Student teachers' most valued experience of training was teaching practice in which they became more aware of the gap between theory and practice, "Teaching practice has exposed us to the type of job we opted for - at first we didn't know". This quotation raises for us the question of how much training could do to bridge this "at first we didn't know" realisation gap. Even when we suggested that the introduction of micro-teaching in the colleges could help in preparing them to face the real task, although there was acknowledgement of its value, the importance of performance learning was still stressed as the most crucial.
I think the outside one [off-campus teaching practice]is more needed than the micro-teaching because I can pretend to be a class one pupil but no matter the situation will ask questions which a class one pupil will not ask. So I think it is not the best idea to do the teaching among ourselves. The best is we go out and meet the people that we are going out to teach, then we deal with them. And we would know their behaviour, the way they ask their questions and if you are teaching then you will know how to do that.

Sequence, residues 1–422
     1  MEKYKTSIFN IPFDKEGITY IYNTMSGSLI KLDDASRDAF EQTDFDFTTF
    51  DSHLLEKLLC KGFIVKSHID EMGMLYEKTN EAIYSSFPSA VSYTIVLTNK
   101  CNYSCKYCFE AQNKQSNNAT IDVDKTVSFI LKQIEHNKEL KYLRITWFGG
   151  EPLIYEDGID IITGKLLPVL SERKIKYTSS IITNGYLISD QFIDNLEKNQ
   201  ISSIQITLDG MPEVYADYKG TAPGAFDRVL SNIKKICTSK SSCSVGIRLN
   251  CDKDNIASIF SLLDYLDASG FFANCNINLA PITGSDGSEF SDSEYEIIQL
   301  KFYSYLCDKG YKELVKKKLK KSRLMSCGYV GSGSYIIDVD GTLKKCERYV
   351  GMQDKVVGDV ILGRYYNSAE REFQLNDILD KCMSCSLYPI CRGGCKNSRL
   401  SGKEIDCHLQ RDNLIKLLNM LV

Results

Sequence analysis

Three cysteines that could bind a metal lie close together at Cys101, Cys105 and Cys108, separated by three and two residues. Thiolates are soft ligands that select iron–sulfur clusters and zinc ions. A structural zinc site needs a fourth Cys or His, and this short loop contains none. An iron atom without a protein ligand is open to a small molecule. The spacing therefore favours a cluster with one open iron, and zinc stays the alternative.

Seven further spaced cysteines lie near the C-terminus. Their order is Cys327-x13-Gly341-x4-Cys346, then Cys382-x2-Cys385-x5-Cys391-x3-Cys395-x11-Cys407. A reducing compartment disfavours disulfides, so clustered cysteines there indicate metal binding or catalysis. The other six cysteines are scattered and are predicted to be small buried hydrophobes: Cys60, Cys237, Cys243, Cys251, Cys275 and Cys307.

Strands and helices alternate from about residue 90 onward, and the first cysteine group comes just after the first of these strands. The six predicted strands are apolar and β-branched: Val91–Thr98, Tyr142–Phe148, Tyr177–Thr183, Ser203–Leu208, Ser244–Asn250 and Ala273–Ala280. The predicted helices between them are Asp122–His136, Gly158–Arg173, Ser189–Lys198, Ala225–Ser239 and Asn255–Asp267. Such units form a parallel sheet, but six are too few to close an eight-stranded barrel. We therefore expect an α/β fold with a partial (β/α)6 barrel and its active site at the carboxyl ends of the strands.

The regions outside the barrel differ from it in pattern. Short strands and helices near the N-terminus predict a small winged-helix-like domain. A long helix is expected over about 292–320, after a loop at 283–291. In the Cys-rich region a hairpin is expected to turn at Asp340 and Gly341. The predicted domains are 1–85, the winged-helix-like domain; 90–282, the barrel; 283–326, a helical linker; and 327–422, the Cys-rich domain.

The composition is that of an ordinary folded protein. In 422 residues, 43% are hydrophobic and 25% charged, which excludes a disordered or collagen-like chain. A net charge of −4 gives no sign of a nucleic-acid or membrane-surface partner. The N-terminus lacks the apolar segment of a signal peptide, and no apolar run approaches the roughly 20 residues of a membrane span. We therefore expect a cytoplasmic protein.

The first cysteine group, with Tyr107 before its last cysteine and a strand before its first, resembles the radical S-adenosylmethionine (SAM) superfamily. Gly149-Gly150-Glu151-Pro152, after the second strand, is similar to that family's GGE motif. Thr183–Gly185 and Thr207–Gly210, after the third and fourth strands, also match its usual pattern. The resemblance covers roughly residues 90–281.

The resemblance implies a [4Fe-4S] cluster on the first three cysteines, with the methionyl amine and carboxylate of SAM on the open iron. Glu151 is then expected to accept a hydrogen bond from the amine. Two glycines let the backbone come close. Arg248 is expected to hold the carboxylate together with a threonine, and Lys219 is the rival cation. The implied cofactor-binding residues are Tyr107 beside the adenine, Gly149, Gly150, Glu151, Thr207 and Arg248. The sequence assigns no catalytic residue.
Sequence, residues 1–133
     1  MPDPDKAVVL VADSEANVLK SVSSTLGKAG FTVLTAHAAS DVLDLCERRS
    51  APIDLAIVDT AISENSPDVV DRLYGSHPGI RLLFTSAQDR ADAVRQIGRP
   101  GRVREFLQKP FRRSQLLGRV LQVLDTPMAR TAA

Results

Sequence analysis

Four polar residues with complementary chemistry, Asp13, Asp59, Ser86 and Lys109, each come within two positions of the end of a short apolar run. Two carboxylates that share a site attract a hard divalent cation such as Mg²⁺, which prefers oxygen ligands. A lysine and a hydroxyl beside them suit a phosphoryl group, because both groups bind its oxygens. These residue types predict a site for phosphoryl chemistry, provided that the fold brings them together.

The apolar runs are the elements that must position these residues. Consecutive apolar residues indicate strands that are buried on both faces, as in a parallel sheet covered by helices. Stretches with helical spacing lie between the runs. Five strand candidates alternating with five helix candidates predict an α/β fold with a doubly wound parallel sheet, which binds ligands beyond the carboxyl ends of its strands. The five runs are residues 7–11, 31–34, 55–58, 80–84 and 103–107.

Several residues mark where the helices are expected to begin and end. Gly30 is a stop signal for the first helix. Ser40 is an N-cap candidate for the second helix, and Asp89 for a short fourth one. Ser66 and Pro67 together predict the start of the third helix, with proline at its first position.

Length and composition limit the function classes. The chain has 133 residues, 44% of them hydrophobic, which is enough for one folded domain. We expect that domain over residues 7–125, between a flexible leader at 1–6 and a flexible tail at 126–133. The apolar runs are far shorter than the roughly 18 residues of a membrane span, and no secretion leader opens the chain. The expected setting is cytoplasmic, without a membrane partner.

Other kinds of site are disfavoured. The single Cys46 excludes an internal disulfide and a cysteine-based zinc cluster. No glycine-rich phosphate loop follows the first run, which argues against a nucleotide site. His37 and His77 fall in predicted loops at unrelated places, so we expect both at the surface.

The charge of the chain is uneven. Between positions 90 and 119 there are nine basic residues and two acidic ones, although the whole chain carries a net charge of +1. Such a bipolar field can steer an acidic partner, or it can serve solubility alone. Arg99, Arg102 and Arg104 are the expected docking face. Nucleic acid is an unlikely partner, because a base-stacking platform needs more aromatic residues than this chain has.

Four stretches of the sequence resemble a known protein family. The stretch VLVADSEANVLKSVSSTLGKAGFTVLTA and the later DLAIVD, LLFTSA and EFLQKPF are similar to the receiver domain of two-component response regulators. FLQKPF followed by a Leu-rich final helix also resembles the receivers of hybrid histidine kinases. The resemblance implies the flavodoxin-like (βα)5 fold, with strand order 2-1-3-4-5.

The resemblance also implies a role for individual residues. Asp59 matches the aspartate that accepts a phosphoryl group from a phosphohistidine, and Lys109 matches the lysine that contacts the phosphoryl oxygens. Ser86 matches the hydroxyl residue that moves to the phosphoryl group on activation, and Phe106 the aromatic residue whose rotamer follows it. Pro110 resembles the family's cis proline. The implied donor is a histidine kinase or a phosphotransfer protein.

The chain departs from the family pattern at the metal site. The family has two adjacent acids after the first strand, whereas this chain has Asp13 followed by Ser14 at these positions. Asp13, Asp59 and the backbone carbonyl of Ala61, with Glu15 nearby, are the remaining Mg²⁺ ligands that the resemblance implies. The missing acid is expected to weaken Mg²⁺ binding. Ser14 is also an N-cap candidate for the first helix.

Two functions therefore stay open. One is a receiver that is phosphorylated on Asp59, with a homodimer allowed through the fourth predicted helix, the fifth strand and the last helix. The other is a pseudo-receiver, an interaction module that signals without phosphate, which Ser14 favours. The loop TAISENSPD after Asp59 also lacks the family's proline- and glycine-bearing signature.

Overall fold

Then also if you are someone who is not able to control his temper when you go out and meet the children you will control your temper because sometimes the thing they do in the classroom, if you are not careful you would do something which will break the law.
These views emphasise the fact that the use of micro-teaching still focuses on the application of methods and that what is needed is more opportunity of learning to teaching through being and not merely doing (Calderhead & Shorrock, 1997).
The interview evidence shows that supervision of teaching practice focuses almost entirely on how well methods are being applied. In relation to the concerns of the student teachers on teaching practice, it will be important to focus support on the problematisation of teaching, but this will depend on whether tutors, teachers and head teachers understand what this means.
The issue about improving the quality of teacher training in Ghana cannot overlook the impact of examinations and tutor teaching load on tutors' instructional practices and students' professional learning. Clearly, the issue of tutor load should be looked at in terms of student-hours. This gives a better picture of load. The rhetoric about reflective, child-centred, activity-based pedagogies for training often reflects a na view of learning to teach in a developing world context (see Jessop & Penny, 1998). Teacher education policy makers need to contend with these difficulties that have been identified.
In summary, in the attempt to improve the quality of trained teachers there are a number of key issues that need to be considered. These relate to: resources, the examination system, classroom space and tutor's own training, the culture of learning in schools and the perceptions, values and practices of teachers in schools.